Officials in a posh California city have admitted what their critics said all along - the idea of sending food servers to jail for handing out plastic straws sucks.
Santa Barbara officials have denied the city was planning to impose jail sentences of up to six months for straw offenders.
Under the proposed ordinance discussed by the city councilearlier this month, restaurants, bars and supermarkets would be prohibited from providing their customers with plastic straws, cutlery and stirrers.
The ordinance discussed cited chapter 1.28 from the city’s municipal code which would begin with a warning and then escalate to a “fine not exceeding one thousand dollars ($1,000), imprisonment for a term not exceeding six (6) months” for repeat offenders.
Such a penalty would be the harshest in the country. In comparison, Seattle, which became the first major city in the country to ban plastic straws earlier this month, only fines businesses $250 for each offence.
John Yoo, Heller professor law at UC Berkeley School of Law and a FoxNews.com contributor, described the ordinance as “silly”.
“Santa Barbara’s silly environmental policies demonstrate the misgovernment of California cities,” he said.
“Violent crime and property crime in the state are rising. The homeless are making our streets increasingly unsafe. Instead of addressing these basic public safety problems, cities like Santa Barbara are sending the police off to chase soda drinkers who like to use straws.”
But Nina Johnson, Senior Assistant to the City Administrator of Santa Barbara, insists nobody is facing jail time.
“Santa Barbara has not adopted a law banning plastic straws. A law is still being crafted to reduce the use of plastic straws,” she told FoxNews.com.
“No one will go to jail for using a plastic straw or providing a straw to a customer.
“There is no intention to strictly enforce the ordinance. The City’s plan is to work cooperatively with restaurants to ensure straws are available by request.”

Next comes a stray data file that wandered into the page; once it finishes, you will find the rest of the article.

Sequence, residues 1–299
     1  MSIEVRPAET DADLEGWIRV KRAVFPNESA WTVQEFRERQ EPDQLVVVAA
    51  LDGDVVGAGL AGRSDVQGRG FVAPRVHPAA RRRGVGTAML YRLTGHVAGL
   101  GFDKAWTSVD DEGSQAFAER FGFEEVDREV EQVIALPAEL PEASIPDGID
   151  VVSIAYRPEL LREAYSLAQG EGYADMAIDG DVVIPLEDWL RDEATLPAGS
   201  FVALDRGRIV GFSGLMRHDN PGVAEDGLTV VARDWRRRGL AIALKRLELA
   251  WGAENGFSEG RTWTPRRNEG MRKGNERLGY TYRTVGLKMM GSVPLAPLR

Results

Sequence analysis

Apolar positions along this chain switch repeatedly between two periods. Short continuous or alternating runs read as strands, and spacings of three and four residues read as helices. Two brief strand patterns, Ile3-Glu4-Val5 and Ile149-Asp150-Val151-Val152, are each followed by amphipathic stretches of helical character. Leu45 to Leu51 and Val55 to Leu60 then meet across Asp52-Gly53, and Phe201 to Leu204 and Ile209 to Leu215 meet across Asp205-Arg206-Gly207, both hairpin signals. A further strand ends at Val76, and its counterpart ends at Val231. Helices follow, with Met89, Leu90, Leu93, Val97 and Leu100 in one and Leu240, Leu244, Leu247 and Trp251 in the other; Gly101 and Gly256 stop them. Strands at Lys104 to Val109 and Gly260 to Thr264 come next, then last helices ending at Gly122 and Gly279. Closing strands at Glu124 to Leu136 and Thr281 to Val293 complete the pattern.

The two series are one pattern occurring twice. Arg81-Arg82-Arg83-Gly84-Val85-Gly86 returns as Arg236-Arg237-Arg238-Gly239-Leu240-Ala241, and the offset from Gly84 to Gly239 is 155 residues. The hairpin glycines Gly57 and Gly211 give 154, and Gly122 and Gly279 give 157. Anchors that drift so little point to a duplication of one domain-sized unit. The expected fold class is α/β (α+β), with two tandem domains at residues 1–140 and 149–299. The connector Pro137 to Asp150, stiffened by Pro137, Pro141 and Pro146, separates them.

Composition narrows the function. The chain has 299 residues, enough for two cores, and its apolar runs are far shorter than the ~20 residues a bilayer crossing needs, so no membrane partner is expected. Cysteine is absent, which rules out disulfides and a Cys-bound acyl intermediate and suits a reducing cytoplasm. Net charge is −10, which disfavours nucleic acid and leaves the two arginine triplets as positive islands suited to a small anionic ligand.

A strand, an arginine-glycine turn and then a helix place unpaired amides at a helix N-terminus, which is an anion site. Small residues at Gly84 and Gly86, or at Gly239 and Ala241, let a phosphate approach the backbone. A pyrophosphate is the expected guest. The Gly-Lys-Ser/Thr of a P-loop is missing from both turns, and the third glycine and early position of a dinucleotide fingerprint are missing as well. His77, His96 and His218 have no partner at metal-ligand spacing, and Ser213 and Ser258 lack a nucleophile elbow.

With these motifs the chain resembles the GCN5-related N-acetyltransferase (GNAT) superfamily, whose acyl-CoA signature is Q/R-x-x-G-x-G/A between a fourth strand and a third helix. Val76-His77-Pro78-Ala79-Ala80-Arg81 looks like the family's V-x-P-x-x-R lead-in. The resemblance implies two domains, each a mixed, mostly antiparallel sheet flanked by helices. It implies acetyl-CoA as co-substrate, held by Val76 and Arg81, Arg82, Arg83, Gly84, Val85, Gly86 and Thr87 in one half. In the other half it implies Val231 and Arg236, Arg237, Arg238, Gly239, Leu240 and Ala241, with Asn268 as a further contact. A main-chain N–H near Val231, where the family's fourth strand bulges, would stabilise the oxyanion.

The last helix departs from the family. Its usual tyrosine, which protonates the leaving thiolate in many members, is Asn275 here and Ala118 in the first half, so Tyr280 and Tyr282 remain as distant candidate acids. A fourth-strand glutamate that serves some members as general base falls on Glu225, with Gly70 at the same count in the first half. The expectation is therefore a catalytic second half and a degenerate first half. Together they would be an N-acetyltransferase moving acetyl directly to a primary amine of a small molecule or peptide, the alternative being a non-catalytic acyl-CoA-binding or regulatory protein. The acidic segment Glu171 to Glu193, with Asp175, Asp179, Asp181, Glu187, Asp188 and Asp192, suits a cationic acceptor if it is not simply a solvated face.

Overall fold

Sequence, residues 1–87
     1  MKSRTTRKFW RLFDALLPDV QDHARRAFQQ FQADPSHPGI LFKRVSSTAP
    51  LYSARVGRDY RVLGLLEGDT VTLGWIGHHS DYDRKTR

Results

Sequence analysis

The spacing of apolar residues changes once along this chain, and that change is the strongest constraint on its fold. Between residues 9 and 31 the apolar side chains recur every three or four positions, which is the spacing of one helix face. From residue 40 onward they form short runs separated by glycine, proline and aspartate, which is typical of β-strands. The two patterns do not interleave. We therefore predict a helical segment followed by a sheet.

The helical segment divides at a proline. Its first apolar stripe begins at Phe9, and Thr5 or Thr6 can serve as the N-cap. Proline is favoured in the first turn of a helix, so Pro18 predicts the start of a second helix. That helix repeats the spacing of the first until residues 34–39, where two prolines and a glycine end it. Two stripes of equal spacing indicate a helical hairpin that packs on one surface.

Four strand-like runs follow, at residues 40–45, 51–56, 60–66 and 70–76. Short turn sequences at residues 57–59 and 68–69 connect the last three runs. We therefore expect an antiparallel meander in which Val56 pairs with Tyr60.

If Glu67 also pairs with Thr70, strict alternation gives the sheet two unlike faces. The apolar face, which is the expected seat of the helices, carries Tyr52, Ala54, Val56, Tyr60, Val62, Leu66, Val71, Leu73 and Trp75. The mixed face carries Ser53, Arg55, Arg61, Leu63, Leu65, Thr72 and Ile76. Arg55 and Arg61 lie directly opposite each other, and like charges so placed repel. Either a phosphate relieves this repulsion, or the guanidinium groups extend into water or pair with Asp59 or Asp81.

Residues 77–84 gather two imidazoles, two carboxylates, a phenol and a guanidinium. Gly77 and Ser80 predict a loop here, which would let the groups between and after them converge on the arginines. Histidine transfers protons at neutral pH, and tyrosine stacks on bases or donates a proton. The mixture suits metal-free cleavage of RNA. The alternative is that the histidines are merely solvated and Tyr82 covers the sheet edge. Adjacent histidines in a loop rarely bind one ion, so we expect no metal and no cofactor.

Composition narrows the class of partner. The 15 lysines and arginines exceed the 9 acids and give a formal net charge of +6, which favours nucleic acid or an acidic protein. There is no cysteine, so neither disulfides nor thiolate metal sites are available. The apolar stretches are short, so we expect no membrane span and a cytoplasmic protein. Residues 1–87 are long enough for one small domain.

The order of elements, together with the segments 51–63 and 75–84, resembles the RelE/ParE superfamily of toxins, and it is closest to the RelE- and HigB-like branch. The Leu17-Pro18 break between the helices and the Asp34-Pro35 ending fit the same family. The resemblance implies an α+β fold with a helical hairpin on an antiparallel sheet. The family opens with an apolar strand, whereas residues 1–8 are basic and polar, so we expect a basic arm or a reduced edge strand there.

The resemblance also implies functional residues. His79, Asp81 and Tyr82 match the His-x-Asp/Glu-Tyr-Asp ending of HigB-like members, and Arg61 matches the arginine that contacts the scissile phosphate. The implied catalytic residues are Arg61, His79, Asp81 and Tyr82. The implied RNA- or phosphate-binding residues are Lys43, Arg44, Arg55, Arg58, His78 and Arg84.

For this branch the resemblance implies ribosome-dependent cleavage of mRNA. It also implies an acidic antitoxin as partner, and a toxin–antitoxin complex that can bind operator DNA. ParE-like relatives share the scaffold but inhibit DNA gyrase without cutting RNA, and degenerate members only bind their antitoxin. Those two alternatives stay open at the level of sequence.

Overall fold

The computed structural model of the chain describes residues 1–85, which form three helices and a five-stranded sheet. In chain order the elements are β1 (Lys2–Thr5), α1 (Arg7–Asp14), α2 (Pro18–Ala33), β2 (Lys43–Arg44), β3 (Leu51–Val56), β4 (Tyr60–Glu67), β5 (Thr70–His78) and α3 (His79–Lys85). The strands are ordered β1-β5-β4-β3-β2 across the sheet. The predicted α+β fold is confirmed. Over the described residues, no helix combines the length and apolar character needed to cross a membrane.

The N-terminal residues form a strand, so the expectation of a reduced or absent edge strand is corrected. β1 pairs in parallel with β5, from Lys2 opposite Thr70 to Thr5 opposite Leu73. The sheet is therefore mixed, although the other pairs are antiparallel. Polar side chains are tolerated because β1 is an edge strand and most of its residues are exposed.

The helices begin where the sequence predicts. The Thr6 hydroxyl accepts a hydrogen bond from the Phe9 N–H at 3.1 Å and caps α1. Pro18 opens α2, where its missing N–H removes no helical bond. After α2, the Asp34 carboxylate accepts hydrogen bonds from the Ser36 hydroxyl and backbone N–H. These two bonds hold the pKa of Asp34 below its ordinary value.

She added that the city wants to join the likes of Seattle and Malibu to reduce the use of plastic straws and the city council will continue their discussion in September.
She also insisted that language citing the six month sentences “will most likely be deleted as there’s no intention to penalize businesses with jail time or fines.
“This is the general enforcement language that applies throughout the municipal code,” she said.
While unlikely to ever be enforced, the specter of six-month jail sentences cast a spotlight on Santa Barbara’s penal system.
The county is awaiting the opening of its new Northern Branch Jail, a 376-bed, 133,000 square foot facility which is currently scheduled to open in Spring next year for medium and high security inmates.
The current main jail, which was built in 1971, receives male and female prisoners from all areas of the county and houses both pretrial detainees and sentenced inmates.
In May 2016, a Santa Barbara County grand jury released a report detailing the jail’s problems, describing it as “dated and overcrowded”.
“Some inmates are sleeping in plastic structures that are on the floor and are commonly called ‘boats’… The Jury noted the presence of bedding on the floor in the hallway of one of the newer sections.”
A follow-up report in 2017 stated that the jail is rated for 659 inmates, with an additional 160 inmates in its medium security facility. But at the time of the inspection, there were 803 inmates in the main jail, and a further 234 in the medium security facility.
Earlier this week, San Francisco became the largest city in the U.S. to ban restaurants and retailers from providing customers with plastic straws. Businesses in the city will have to meet the new guidelines by January 1, 2020.
As well as San Francisco and Seattle, several smaller West Coast cities including the likes of Malibu have banned plastic straws and utensils.
The Walt Disney Co. also announced this week that it will eliminate straws and stirrers from all its theme parks by mid-2019.
It estimated that it will amount to a reduction of “more than 174 million straws and 13 million stirrers annually.”